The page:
The illusory truth effect describes a tendency to believe certain information is factually correct simply because it is often repeated. Translated to European defense policy, this is summarized as the widespread belief that since the European Union (EU) has so far failed to create an ambitious defense policy, it will therefore fail forever. This thinking is rampant in the EU’s capital, Brussels.

There is another powerful instinct at work called the gap instinct, which refers to the inclination towards binary thinking: good versus bad for example, or hard power versus soft power. This seems to reign in the U.S. capital, Washington DC. In this version, a soft, civilian EU exists on the one hand and a hard defense NATO on the other, ignoring the generous space in between.

Post-Afghanistan, it might be worth checking our biases.

The shortcomings of the Afghanistan debacle have been well described: from the artificial consultation of allies on the (in reality, unconditional) withdrawal, to the lack of a common vision for the future of the region. The pullout exposed cracks in the transatlantic relationship and a European inability to provide alternatives for Afghan and regional security by themselves. Inside the EU bubble, this feels like a much louder alarm even than Donald Trump’s presidency. Not only because Europeans were on the ground themselves, but because Europe had little influence in shaping these events but will certainly bear the strategic consequences. Hearts and minds now appear focused on the rationale of a stronger European capacity to react to, and manage, crises detrimental to its interests. The questionable diplomacy behind the Australia-UK-US submarine affair (at the expense of France and of wider strategic European interests in the Indo-Pacific), has helped to focus them even more.

There won’t be a better time than now. The EU’s member states are already undergoing a strategic review under its Strategic Compass process, a first for the bloc. The Compass aims to provide guidelines for the direction (ends-ways-means) of EU security and defense policy, to identify political incentives that can deliver action, and to result in increased trust and shared strategic understanding among EU members. However, classic fatalism and a reluctance to dispute inflexible transatlantic divisions of labor threaten this process. A profound change in mindset is due if old cognitive biases are to be overcome.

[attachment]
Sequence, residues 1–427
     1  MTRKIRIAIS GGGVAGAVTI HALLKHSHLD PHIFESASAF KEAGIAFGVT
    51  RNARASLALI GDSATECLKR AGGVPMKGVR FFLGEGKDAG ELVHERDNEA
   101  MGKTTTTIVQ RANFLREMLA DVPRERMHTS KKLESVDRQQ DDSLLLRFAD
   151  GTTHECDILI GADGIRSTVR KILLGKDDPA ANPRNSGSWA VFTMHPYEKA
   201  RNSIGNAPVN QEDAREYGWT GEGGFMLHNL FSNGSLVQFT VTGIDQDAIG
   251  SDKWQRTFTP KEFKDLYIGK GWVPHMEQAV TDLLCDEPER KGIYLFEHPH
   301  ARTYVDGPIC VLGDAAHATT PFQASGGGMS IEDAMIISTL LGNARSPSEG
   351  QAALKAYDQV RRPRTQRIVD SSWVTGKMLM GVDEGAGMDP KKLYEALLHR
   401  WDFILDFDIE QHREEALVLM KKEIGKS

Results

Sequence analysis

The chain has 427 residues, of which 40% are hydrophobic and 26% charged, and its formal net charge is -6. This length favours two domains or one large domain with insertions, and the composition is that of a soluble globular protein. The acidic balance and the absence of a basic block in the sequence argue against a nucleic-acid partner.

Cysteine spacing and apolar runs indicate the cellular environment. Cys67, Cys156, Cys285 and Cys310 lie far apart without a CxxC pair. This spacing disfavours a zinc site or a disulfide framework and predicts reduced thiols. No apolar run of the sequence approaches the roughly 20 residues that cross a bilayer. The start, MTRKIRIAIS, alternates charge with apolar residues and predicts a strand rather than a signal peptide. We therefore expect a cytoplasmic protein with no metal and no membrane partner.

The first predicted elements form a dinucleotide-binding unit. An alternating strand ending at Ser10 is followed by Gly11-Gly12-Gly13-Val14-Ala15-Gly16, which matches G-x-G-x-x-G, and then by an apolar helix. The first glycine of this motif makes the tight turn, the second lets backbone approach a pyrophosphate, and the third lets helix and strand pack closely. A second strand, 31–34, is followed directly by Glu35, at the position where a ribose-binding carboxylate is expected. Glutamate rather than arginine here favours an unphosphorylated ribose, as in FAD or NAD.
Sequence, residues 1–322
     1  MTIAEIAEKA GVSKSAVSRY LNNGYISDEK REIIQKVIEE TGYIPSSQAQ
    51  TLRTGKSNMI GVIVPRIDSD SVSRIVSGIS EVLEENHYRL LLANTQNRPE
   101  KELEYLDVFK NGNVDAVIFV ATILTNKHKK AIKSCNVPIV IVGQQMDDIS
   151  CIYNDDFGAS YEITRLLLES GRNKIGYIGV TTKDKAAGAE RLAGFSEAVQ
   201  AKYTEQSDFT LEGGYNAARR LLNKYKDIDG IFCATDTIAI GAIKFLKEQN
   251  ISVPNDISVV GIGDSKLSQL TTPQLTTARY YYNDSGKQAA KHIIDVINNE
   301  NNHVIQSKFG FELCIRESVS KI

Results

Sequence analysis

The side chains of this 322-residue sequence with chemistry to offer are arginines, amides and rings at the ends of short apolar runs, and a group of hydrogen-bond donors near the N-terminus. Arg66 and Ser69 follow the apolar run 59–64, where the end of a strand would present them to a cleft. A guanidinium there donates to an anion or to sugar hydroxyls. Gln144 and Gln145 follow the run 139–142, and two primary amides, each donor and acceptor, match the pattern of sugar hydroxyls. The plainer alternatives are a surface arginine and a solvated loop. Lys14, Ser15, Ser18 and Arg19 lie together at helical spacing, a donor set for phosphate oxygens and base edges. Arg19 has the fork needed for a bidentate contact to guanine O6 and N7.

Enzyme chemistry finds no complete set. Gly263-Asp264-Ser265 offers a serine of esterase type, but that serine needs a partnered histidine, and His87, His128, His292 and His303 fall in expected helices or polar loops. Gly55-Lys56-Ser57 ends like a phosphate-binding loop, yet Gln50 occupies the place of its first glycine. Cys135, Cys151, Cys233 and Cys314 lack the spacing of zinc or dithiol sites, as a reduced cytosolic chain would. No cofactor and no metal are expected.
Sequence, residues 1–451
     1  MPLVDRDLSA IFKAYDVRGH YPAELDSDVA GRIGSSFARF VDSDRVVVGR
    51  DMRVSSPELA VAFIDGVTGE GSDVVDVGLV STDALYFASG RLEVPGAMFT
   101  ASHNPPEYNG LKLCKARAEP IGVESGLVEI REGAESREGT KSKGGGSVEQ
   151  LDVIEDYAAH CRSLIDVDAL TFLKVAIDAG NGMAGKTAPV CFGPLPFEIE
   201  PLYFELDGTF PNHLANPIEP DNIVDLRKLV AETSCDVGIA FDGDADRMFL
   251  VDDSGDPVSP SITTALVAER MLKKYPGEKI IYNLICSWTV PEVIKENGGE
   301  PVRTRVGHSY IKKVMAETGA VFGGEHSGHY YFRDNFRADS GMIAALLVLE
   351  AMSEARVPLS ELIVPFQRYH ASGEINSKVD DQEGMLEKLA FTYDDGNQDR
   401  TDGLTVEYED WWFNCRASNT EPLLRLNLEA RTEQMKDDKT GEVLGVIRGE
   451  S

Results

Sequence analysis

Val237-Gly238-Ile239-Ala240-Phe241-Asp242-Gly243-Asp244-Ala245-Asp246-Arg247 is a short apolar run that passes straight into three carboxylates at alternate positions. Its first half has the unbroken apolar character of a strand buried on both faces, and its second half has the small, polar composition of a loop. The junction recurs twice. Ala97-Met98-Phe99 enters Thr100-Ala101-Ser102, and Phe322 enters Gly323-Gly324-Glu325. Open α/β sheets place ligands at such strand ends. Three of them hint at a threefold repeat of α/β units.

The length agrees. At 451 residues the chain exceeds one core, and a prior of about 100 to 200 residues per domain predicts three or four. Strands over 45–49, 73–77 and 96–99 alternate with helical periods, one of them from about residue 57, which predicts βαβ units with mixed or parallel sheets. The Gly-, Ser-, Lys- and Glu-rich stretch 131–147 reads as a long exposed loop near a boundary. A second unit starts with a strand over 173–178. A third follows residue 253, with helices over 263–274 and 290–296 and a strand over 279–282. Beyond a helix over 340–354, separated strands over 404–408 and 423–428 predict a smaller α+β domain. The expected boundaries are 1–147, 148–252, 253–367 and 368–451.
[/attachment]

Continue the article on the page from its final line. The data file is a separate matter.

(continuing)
For one, the U.S. habit of opposing European defense initiatives will significantly slow progress, thereby perpetuating Europe’s legendary inability to do defense. As President Biden is moving the country in what Ben Rhodes calls the “post-post-9/11 era” and to complete the pivot to Asia (consolidated further with the Aukus deal) which started under his vice-presidency, Europe needs more than a defense dialogue and worthy speeches. For example, I argued elsewhere that rethinking burden-sharing might allow NATO’s Europeans to become more involved and end the arbitrary, obsolete, and, arguably, US-centric way of doing the math on alliance defense spending. Conversely, Washington should take advantage of the political openness to new ideas provided by the Strategic Compass and by the NATO 2030 initiative to think more boldly about reshaping the pillars of the transatlantic relationship. It should replace the gap instinct with a farsighted (and self-interested) approach that sincerely encourages countries to invest in the pieces comprising the EU’s defense puzzle.